As a result of the Minnesota Public Radio News story, Gov. Pawlenty ordered finance officials to review and improve the process used to monitor new hires.
During a news conference this afternoon, Pawlenty said the hiring freeze was working because only a few jobs have been added since the freeze was initiated in February of 2008. But he said the process could be improved.
"It's pretty clear that some of the paperwork and some of the review of the decisions was not as aggressive as we would like," Pawlenty said. "We're moving towards a harder freeze with different procedures and because of that and also because of these budget decisions, there will be significant layoffs."
DFL Rep. Ryan Winkler of Golden Valley questioned Pawlenty's commitment to improving the system.
"The governor always wants to take another look at something after there's been a press story that shows mismanagement in his government," Winkler said.
Winkler has criticized Pawlenty's oversight of several agencies. He said a recent report by the Legislative Auditor has found that several of the larger state agencies don't have proper oversight of funding. Winkler said Pawlenty should be spending more time running state government.
"He is the CEO of all the state agencies under in his control," Winkler said. "He should spending time with his commissioners making sure that they are following through on the policies he has set.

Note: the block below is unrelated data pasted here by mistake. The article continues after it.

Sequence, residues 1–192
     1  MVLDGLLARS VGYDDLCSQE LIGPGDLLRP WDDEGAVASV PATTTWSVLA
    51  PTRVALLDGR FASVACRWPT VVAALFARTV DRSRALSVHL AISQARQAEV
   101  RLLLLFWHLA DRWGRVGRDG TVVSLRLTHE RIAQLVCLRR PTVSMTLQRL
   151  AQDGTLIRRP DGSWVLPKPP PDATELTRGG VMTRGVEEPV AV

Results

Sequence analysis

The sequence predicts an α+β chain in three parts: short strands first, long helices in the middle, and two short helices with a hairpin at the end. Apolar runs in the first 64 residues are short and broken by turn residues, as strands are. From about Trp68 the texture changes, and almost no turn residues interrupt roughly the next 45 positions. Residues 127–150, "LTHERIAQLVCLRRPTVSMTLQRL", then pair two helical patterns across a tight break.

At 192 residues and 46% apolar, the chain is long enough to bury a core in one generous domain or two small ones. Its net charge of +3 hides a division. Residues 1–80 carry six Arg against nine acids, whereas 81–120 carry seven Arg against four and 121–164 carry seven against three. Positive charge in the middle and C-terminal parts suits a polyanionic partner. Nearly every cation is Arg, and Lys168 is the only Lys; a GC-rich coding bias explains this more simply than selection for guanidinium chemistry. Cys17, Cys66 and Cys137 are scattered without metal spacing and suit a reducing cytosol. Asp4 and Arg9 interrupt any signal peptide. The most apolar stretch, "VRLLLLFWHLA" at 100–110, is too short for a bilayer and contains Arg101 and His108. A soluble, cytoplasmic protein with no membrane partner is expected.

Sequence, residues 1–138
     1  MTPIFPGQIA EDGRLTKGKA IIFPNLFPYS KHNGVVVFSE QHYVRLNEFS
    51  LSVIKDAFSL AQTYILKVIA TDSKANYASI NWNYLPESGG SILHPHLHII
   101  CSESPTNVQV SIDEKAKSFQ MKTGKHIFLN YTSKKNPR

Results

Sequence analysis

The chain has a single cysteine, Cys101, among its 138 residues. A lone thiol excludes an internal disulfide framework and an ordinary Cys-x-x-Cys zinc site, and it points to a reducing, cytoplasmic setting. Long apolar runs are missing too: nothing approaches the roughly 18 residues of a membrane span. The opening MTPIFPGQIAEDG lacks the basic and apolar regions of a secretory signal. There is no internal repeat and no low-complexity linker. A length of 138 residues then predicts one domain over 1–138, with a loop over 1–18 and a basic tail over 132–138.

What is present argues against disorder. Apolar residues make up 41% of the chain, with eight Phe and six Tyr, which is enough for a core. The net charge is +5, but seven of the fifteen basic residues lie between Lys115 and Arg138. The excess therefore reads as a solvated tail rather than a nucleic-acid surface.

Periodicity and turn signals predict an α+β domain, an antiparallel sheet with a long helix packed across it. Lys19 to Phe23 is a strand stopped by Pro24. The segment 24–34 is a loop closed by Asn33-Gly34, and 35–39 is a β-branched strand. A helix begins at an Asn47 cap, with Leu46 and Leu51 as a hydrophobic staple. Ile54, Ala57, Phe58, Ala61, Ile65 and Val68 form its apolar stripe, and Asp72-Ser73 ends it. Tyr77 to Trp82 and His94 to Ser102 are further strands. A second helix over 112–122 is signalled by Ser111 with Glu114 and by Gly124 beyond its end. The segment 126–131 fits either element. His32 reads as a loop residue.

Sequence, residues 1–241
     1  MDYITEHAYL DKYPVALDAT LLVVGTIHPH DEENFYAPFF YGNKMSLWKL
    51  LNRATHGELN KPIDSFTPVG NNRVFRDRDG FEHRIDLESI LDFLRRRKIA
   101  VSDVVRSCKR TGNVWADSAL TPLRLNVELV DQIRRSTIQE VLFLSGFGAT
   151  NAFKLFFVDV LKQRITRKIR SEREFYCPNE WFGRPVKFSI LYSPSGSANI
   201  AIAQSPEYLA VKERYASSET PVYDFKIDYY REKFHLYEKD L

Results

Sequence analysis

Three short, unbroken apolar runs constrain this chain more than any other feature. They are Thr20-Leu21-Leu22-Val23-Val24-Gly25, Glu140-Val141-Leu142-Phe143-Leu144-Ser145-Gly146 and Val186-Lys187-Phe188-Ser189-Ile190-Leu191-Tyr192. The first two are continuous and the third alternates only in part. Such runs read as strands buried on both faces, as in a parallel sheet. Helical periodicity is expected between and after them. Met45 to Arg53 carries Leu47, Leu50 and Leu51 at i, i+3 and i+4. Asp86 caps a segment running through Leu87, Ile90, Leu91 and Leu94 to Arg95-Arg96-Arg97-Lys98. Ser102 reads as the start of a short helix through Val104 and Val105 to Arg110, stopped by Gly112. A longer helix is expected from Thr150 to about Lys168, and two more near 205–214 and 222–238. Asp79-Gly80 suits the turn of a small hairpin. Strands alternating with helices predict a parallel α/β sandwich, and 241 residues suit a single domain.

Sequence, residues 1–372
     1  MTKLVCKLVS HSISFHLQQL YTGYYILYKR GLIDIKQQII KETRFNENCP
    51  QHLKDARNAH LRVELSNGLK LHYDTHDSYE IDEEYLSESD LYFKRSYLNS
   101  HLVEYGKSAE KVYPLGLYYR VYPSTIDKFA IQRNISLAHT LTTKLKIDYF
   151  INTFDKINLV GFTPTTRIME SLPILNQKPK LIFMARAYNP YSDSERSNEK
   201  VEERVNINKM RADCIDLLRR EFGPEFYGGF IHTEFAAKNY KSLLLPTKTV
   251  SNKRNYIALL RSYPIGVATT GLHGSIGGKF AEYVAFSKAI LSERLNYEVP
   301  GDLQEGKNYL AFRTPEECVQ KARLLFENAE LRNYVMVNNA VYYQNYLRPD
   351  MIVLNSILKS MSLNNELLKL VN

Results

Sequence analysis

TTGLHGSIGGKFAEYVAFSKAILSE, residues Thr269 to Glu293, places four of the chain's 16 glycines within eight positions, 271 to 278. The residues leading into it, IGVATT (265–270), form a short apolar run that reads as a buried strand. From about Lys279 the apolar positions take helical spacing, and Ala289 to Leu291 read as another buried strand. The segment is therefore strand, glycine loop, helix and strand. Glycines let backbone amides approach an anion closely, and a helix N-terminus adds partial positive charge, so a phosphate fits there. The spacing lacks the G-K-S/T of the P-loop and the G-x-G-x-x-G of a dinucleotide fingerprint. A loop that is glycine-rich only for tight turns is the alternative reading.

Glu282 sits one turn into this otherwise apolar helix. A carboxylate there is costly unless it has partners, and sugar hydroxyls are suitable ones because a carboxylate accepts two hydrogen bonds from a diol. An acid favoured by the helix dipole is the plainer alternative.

"He should be spending time meeting with his commissioners as a cabinet and setting clear expectations. And he should be prioritizing funding and policy work to make sure that the basic job of following state money and following things like a hiring freeze are getting done."
The criticism surfaced after Minnesota Public Radio News reported that there were 5,098 hires since Pawlenty issued the hiring freeze in February of 2008 and April 21. During the same time period, 4,827 positions were vacated. MPR News also found that no one in Minnesota Management and Budget or the Governor's office was watching to see if the hires were considered essential services. The rationale for some of the hires also included one line job titles or no reasoning at all.
Judy Plante, Commissioner at Minnesota Management and Budget, said the process will be improved. She said they intend to remind agency heads about the requirements in place as a result of the freeze. That means a proper explanation has to be given for nonessential personnel.
Exemptions for public safety, health and corrections are in place. Plante said she'll also review new hires to ensure that there's a proper explanation for each decision but won't enforce those decisions.
"What we'll be doing is working with the agencies to make sure that they considering the right information and we'll be continuing to track overall numbers," Plante said. "So I would anticipate that I would periodically review the report but not reviewing every individual decision. Those are the decisions by the commissioners make about who's being hired in their agencies to meet the priority needs."
Plante said the commissioners and agency heads are best equipped to decide who they need in their workforce.